Section F is registration history. You previously were able to get a certificate of registration from the NMC website here. However, it now states you can get this from your original school of training. Section G you will need to attach an updated version of your CV. Section H is criminal history. Question 16 you will be answering YES. You will have to carry out an international criminal history check. You can find this here. Question 17 will determine your English competency. You will complete a list of your schools and state that they taught you in English. It is good to organise a letter from the schools to state that you were taught in English. If the schools cannot send this directly to AHPRA, you can print the email and have it certified by a justice of the peace. Alternatively you can complete and English language test with IELTS. Question 21 regarding indemnity insurance, the answer will be YES. The following questions are fine. There is a great checklist at the end to ensure you have answered everything correctly, it is best to use this. There is a payment to be made of $520.
Having completed the application form, you can then decide which visa will be best for you. If you are under 31 and have never been in Australia, you can apply for the working holiday visa here.
If you cannot apply for this, you can apply for the sponsorship skilled migration visa. You can find details here. To be honest, this has changed a lot recently and causes much confusion. Basically you will will need to find a company that is willing to sponsor you in Australia. This is difficult for nurses if you want to live in the big cities. If you want to see more rural Australia then this could be for you. Many hospitals in more rural settings will offer sponsorship with great benefits.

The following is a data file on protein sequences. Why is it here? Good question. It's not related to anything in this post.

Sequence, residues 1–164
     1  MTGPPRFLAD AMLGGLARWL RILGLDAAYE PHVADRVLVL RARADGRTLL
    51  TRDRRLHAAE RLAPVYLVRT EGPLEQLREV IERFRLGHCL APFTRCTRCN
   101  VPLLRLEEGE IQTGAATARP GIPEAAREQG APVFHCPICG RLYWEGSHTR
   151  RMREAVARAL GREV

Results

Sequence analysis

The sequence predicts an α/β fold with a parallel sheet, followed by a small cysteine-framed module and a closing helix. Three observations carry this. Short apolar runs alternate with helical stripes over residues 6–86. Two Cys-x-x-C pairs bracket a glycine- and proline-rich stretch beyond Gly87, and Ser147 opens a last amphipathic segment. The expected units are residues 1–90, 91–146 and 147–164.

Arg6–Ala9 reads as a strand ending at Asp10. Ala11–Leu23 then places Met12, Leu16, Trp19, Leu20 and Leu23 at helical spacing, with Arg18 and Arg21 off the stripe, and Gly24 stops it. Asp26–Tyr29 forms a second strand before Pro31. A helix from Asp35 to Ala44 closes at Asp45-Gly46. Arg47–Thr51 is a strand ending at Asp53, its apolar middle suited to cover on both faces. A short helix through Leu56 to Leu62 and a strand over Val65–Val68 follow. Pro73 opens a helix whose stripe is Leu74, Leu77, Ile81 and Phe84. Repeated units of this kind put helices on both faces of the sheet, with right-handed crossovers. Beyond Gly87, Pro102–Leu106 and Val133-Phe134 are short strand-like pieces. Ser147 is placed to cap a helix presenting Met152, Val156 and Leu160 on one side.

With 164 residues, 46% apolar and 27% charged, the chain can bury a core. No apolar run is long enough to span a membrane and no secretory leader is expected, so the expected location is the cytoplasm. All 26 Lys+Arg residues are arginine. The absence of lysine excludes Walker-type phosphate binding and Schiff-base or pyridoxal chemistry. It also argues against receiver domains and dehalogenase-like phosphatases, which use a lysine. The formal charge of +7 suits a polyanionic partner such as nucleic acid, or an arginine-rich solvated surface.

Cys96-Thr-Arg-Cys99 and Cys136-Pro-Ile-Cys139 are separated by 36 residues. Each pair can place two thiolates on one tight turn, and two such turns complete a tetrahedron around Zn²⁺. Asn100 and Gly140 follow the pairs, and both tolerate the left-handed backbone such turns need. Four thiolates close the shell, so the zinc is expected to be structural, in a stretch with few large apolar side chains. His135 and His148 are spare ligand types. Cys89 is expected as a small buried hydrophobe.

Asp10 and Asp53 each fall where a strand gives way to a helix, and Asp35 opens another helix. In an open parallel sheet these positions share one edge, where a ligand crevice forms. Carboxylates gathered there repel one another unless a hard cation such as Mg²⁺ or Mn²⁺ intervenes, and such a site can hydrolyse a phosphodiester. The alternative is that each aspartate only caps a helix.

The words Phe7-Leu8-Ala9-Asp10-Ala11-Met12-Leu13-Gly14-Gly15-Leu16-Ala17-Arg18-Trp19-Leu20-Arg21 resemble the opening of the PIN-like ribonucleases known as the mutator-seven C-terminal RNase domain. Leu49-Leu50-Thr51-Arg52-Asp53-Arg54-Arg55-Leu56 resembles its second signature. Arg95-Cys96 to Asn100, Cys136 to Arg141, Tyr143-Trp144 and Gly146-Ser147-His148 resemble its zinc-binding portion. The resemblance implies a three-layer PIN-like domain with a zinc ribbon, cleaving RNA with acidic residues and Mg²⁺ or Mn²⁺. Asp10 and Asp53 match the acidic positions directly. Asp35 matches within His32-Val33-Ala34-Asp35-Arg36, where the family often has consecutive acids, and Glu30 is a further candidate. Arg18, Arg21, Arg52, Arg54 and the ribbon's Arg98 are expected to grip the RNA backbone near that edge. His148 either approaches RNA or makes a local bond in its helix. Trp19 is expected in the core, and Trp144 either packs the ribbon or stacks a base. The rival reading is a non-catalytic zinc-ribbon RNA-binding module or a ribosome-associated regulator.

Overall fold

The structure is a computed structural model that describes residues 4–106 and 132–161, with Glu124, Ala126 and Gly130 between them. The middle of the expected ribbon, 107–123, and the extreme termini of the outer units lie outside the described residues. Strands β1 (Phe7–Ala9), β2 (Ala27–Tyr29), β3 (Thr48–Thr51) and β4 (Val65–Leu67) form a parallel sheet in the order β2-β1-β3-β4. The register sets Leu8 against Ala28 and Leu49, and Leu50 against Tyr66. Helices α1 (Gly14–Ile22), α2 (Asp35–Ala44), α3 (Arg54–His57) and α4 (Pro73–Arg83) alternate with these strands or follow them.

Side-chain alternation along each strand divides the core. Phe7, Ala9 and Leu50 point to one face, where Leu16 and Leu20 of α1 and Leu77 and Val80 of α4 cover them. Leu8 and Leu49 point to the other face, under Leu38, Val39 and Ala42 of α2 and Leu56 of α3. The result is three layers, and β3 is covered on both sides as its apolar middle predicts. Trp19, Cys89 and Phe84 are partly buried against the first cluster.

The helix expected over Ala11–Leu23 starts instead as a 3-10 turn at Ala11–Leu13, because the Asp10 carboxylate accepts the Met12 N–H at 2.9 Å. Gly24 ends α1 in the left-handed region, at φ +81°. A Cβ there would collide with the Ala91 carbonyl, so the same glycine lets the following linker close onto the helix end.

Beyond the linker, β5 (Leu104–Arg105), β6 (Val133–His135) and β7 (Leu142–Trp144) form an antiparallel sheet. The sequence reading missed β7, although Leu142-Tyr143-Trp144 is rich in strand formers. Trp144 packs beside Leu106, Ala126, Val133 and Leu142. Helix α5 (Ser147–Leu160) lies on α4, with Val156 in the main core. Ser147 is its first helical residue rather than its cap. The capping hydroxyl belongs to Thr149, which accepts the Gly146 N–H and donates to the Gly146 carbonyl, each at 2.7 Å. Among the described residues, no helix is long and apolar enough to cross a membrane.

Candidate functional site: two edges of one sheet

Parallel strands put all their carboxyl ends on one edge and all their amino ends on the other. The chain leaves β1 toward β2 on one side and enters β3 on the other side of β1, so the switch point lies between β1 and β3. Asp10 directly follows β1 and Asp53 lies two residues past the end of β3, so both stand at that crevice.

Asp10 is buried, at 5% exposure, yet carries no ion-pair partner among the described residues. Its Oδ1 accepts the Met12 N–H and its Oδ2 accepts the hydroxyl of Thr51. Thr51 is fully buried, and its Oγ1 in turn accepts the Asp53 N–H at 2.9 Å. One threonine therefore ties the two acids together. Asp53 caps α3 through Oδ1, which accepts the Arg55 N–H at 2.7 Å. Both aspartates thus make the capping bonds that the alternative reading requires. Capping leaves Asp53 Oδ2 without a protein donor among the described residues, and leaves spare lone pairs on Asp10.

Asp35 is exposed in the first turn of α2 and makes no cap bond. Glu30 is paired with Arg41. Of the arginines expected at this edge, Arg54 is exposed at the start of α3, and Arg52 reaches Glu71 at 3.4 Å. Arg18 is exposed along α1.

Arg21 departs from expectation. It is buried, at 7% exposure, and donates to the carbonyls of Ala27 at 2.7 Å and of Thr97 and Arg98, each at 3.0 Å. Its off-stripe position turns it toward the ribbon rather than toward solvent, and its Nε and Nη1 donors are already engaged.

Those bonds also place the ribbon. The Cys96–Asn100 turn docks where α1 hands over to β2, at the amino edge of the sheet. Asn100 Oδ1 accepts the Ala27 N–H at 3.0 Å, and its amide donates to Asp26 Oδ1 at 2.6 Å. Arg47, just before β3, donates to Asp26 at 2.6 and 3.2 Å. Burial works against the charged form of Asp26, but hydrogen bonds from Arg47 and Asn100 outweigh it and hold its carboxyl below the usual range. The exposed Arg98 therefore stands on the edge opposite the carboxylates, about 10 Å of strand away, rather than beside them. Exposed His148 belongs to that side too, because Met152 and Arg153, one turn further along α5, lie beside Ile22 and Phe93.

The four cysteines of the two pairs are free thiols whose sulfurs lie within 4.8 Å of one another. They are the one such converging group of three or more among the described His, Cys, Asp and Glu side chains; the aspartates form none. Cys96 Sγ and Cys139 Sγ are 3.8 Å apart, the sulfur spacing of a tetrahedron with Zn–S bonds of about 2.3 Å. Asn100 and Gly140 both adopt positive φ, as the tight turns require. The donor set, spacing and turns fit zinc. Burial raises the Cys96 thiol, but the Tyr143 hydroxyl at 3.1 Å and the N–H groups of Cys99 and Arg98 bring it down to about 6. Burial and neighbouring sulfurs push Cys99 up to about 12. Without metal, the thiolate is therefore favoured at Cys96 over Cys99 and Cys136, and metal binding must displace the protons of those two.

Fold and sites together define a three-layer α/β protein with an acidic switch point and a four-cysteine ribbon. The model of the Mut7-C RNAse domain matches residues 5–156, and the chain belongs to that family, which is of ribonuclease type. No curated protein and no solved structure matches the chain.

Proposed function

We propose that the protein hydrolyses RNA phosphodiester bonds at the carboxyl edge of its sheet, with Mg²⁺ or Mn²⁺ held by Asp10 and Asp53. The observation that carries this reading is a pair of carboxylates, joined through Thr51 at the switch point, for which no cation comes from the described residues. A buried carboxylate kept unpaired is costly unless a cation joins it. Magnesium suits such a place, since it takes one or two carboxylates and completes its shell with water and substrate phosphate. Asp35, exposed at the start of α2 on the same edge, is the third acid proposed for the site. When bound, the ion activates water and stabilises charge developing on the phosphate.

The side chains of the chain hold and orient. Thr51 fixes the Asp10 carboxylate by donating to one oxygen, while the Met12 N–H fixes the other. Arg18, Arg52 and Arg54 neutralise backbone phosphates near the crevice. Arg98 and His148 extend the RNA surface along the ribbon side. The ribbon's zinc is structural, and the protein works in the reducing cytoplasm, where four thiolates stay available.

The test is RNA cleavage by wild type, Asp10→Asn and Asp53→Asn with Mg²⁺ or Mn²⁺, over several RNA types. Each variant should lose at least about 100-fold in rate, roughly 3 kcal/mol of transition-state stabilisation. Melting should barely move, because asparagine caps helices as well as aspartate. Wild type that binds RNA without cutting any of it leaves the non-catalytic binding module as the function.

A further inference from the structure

Another option is to apply for permanent residency. Information can be found here.You will have to carry out an English test for this (IELTS is a great one to do and available in many big cities across the UK). Details can be found here. You will also have to gain a skills assessment. For nurses this can be done with ANMAC (Australian Nursing and Midwifery Accreditation Council) and can be completed here. This works similarly to AHPRA in that you can send all the relevant documents straight to ANMAC or have your university etc send them directly to ANMAC. They will set up a case file for you so documents can keep arriving to them and kept in one place. If you are doing this skills assessment, it is best to send all your documents needed to AHPRA and ANMAC at the same time, that way you are not asking different people to send things twice, it can be done at the same time (I hope this makes sense). After all this, you can set up an account with the department of immigration and border protection. A tool called skill select is used to see if your skills are needed in Australia. You will submit an expression of interest here. When you receive a reply (usually pretty quick) you will know whether you can continue to apply for the visa through skill select. You will be advised then how many points you need to gain entry (think this is 60 points) and how you will gain the points needed. If you reach the number of points needed, you can apply for permanent residency! The application is completed online and is pretty straightforward. You can upload your documents needed directly to your skill select account. You can find out the outcome usually within a few months.
I know this has been a really long blog but I hope it will give some insight for those nurses seeking to work and live in Australia. Just remember, if you are sending copies of documents, you will need to have them all certified. A justice of the peace will do these for free. If you choose a solicitor you may well be charged for each document being signed. AHPRA provide information here on who can certify documents, this is pretty standard for all documents being sent to Australia.
If you have any questions at all please do not hesitate to contact me. I will be only to happy to help in any way that I can. Ps. I found www.britishexpats.com really helpful when I was doing all this. It is a forum for like minded nurses looking to emigrate. It was amazing when looking for advice.
Ok fellow nurses, thanks for reading and good luck!!!